2003 Triple Echo
Triple Echo is an interactive film environment where poetic monologues are each performed by three actors representing an updated version of the Orpheus and Eurydice myth. These characters form a proverbial “Eternal Triangle”. Each screen section carries an image of the individual protagonist in situ (for example in their home, on a train, in the street). The poems are performed as verse monologues, with expressions matched to the sense of the verse. Each actor performs each of the poems individually, so that there are be 108 video pieces in total, associated with the triptychs. That is: each verse can be performed by any of the characters -the emotions involved becoming interchangeable but inflected differently by each actor. The clips can be viewed by an observing audience in set combinations of three.
Each video clip is recorded with sound and image in synch, but the soundtracks spoken by each actor will also be timed to synchronize horizontally with each other across each three-verse section (a similar strategy was adopted for my previous production of “Labyrinth”). In other words a parallel counter-pointing is structured into a horizontal reading across each triple verse set. The sound of a single poem follows an individual viewer (SIP) as they move from screen to screen (or character to character within the installation). That is, the verse attaches itself to the viewer, regardless of character. They therefore may experience the same poem or parts of the poem three times, with different inflexions and emphasis, depending on the particular protagonist. When the viewer moves his / her position, the movie showing on the two screens adjacent to the active viewing screen will always switch to have a complimentary poem in progress. The location of meaning is therefore intertextual or intervocal.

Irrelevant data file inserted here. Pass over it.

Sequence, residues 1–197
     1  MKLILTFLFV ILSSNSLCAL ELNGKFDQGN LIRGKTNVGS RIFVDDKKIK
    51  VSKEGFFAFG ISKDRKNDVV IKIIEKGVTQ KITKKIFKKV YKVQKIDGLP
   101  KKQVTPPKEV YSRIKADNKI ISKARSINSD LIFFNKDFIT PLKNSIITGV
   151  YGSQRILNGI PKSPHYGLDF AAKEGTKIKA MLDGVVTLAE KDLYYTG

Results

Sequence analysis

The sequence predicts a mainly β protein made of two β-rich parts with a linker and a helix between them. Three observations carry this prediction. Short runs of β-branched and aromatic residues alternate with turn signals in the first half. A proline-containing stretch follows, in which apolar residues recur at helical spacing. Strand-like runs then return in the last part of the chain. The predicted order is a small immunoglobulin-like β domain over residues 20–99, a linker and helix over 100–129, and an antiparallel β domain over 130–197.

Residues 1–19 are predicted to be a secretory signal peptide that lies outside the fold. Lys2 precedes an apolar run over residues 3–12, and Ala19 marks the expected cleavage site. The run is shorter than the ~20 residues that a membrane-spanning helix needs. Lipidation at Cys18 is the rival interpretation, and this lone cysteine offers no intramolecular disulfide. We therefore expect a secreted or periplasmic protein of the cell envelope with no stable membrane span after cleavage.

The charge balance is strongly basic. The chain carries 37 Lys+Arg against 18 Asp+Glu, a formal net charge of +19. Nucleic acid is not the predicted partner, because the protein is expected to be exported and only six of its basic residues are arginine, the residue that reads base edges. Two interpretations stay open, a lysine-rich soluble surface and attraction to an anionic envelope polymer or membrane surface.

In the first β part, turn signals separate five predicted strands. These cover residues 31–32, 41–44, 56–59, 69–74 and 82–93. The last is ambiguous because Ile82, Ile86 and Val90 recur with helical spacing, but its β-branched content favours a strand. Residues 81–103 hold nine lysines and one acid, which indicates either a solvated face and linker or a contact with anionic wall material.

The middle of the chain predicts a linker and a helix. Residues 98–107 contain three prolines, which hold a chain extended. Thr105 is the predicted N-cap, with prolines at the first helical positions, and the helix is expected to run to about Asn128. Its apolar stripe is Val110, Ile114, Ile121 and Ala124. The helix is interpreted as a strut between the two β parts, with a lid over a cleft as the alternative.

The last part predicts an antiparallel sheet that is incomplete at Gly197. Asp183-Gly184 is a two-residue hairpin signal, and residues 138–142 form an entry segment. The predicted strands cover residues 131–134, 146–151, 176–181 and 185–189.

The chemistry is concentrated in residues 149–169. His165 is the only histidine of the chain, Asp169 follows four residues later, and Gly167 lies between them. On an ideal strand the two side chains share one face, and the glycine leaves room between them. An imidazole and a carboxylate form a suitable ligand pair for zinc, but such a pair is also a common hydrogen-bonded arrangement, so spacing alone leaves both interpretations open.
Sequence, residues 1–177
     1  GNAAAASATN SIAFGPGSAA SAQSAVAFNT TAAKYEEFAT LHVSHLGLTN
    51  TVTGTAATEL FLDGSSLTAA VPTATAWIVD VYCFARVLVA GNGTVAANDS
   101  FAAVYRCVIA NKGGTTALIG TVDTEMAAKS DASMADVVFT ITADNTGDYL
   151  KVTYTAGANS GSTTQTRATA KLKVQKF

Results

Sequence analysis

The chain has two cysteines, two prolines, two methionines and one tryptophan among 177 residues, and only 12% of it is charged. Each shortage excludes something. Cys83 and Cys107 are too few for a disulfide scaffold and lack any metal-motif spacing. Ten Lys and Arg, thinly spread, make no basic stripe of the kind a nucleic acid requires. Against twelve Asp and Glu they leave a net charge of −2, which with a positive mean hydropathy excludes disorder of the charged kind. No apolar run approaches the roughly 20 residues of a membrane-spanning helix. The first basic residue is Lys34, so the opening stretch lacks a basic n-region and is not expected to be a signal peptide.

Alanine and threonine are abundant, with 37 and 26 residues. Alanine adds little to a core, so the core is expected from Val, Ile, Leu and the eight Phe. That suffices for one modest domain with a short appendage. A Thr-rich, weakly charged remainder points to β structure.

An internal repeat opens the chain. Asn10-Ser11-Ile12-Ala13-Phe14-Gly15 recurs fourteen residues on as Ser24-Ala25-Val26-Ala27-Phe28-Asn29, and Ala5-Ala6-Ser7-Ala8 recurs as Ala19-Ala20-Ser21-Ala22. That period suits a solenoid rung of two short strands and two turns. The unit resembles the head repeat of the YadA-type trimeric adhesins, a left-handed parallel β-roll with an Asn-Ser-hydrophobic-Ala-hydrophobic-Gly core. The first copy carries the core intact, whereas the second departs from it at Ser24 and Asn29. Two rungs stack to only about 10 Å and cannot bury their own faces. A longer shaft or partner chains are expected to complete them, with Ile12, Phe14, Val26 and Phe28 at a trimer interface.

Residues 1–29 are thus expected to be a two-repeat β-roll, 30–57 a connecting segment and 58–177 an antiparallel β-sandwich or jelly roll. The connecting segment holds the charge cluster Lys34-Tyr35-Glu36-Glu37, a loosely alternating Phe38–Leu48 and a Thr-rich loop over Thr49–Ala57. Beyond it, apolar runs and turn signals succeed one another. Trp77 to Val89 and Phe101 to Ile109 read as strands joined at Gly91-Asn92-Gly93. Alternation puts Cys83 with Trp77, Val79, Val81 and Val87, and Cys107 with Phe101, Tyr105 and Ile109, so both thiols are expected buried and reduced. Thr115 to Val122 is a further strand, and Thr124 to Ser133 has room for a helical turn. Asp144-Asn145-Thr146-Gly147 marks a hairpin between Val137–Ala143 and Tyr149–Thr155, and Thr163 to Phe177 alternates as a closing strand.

The viewer’s position determines that each start will be consistently mirrored in the transfer of audio between viewing points. The reiteration of the poetic discourse character by character breaks down the notion of individual experience and makes it a collective one. Sound is focused clearly in front of each screen on a precise viewing point by overhead parabolic speakers, in such a way that sound from the other two screens can only be faintly heard by the individual auditor (SIP) within the installation space. Whereas a watching audience will have monitors and ear-pieces to give all three sound feeds.
An infrared source and video camera are linked to a computer which system controls the allocation of the film clips and sound to each individual auditor. Physically, this tracking process means that if the SIP moves from their position in front of one screen to an adjacent one, the film clip changes, but the verse soundtrack follows the SIP, in keeping with the gender and roles of the protagonist on the screen immediately before the viewer. The relative positions of the Orpheus, Eurydice and Pluto characters are fixed within the installation. A triple data projector system will be used. The video clips and sound will be stored on DVD or fast Hard Drive. Separate computer systems control the three video projectors and the infra red video detection. A main Java script coordinates the passing of data between systems. An infrared light source and video camera are linked to a computer system which controls the allocation of the film clips and sound to each individual auditor through a logic tree
Filming: Terry Flaxton: Lights and Camera
Actors: Caroline Lennon(Eurydice),
Simon Tcherniak (Orpheus), Jonathan Coote (Pluto)
Programming: Neil Jenkins
Animation: Nicholas Bartleet